By Monte Morin
4:32 PM PDT, October 25, 2013
New images captured by NASA's Cassini spacecraft reveal a land of liquid methane and ethane lakes spotting the north pole of Titan, Saturn's largest moon.
NASA's Jet Propulsion Laboratory in La Cañada Flintridge released the new images this week, saying that a fortunate coincidence of seasonal change and spacecraft positioning made the pictures possible.
"The view from Cassini's visual and infrared mapping spectrometer gives us a holistic view of an area that we'd only seen in bits and pieces before and at lower resolution," read a statement from Jason Barnes, a participating scientist at the University of Idaho, Moscow.
"It turns out that Titan's north pole is even more interesting than we thought."
Titan is the only body in the solar system, other than Earth, that features stable bodies of liquid on its surface, according to NASA.
These dark hydrocarbon lakes are concentrated around the north pole, although there is one larger lake and several smaller ones near the south pole.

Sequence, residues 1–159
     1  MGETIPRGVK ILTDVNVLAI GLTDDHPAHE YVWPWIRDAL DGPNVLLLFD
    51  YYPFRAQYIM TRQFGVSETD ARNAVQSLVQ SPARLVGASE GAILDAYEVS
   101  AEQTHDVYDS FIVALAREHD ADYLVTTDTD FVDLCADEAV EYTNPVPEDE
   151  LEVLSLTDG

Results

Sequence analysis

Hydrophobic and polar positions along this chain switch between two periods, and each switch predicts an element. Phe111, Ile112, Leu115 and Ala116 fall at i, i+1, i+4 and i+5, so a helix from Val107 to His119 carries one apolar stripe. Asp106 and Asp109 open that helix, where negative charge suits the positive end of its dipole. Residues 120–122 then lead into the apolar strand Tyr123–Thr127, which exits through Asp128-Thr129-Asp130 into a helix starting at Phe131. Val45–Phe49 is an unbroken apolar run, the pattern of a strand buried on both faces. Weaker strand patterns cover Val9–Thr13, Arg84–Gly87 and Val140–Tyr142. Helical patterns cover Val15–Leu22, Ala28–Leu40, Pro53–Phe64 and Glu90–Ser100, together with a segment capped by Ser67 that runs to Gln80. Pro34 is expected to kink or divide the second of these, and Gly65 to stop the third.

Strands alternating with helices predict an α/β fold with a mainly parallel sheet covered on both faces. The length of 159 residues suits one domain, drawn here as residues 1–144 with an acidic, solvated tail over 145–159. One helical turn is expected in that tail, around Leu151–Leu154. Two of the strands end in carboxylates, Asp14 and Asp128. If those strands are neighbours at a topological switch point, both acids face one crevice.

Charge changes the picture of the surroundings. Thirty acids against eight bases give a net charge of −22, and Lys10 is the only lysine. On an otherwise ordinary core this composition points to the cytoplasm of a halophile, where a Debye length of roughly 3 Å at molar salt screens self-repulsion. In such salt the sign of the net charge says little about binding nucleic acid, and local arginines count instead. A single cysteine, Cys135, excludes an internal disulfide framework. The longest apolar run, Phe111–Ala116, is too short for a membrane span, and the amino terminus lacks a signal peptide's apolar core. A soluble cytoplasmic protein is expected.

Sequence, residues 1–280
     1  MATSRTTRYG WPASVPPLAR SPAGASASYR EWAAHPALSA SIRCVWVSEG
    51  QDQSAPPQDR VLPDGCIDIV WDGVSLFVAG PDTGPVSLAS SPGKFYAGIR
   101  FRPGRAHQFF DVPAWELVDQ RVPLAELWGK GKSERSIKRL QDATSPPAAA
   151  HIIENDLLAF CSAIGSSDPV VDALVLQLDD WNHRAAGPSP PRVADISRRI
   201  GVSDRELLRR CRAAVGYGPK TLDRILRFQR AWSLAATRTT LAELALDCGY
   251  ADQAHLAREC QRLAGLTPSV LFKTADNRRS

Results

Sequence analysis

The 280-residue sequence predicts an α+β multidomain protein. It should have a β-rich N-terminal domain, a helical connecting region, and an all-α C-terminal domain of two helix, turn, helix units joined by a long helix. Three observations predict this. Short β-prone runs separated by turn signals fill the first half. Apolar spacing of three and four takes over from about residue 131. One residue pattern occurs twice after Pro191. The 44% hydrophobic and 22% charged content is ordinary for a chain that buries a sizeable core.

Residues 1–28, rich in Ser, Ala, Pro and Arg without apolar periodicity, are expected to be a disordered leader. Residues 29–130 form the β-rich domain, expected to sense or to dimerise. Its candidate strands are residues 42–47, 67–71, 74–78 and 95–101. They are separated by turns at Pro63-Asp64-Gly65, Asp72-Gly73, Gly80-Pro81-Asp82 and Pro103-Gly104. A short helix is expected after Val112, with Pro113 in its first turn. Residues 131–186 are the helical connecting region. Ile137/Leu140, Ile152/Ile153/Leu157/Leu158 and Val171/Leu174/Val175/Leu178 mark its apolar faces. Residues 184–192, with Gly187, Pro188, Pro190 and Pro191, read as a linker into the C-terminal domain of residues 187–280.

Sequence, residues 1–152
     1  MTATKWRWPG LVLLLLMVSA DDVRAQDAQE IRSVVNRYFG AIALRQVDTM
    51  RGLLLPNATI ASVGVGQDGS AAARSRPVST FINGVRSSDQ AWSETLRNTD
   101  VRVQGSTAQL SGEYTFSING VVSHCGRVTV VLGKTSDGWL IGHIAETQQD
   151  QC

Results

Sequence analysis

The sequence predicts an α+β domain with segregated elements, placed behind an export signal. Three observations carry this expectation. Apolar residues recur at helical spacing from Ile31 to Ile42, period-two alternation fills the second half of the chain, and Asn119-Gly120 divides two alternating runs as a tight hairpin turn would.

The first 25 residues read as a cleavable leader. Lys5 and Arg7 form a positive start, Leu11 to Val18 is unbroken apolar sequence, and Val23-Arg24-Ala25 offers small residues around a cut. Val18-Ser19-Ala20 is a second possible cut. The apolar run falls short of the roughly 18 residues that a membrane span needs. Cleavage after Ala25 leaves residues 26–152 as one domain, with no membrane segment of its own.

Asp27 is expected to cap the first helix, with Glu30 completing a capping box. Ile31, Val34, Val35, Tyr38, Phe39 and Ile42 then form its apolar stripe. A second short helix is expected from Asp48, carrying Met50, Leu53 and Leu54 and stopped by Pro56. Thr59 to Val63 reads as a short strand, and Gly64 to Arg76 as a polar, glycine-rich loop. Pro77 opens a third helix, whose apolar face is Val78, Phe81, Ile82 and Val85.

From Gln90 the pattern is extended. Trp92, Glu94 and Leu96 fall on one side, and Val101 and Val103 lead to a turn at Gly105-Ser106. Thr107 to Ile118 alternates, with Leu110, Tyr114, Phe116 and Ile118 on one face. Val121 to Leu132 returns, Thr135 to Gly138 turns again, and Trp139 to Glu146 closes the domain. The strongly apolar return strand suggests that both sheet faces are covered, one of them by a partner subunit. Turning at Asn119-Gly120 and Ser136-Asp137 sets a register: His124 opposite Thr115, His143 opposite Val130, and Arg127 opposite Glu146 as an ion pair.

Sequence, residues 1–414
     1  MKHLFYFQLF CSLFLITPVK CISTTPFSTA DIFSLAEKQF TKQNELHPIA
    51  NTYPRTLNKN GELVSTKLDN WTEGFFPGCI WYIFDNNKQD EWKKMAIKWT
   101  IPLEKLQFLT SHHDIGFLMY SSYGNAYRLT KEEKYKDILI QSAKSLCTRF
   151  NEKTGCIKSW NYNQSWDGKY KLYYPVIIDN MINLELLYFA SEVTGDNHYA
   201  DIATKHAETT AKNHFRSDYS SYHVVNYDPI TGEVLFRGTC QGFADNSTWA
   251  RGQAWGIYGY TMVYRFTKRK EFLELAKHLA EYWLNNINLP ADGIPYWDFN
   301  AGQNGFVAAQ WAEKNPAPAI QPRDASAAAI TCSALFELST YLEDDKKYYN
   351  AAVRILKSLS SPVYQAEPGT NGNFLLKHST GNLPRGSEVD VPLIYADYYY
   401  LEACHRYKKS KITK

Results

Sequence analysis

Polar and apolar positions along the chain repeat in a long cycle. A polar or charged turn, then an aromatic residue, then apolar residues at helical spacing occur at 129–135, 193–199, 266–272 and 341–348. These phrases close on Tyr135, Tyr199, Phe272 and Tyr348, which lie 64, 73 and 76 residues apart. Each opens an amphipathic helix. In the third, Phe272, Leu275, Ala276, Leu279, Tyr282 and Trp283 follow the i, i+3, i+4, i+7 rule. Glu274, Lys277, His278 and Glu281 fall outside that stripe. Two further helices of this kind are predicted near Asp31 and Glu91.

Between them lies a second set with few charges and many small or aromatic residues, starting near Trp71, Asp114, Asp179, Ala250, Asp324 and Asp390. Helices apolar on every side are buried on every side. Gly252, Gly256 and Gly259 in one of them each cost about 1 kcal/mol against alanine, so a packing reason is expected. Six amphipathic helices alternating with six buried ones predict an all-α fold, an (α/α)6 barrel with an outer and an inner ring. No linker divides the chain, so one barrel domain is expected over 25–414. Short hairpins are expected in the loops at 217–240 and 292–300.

Scientists have been trying to determine why this is the case, and say it may have to do with different terrain in the north.
Mosaic infrared images reveal that the northern lakes are "embedded in some kind of bright surface material," researchers wrote.
Scientists say the images suggest that some of the liquid bodies have evaporated, and left behind a crust of organic chemicals -- similar to salt flats on Earth.
Launched in 1997, Cassini has been exploring Saturn and its moons for a decade. A full Saturn year is equivalent to 30 Earth years and seasons on Titan last much longer than ours as well.
Until now, much of Titan's north pole remained hidden from Cassini's cameras beneath a thick haze. That concealing cap has disappeared, though, as Titan's northern hemisphere heads into its "summer" season.
"Titan's northern lakes region is one of the most Earth-like and intriguing in the solar system," said Linda Spilker, a Cassini project scientist at JPL. "We know lakes here change with the seasons, and Cassini's long mission at Saturn gives us the opportunity to watch the seasons change at Titan, too."
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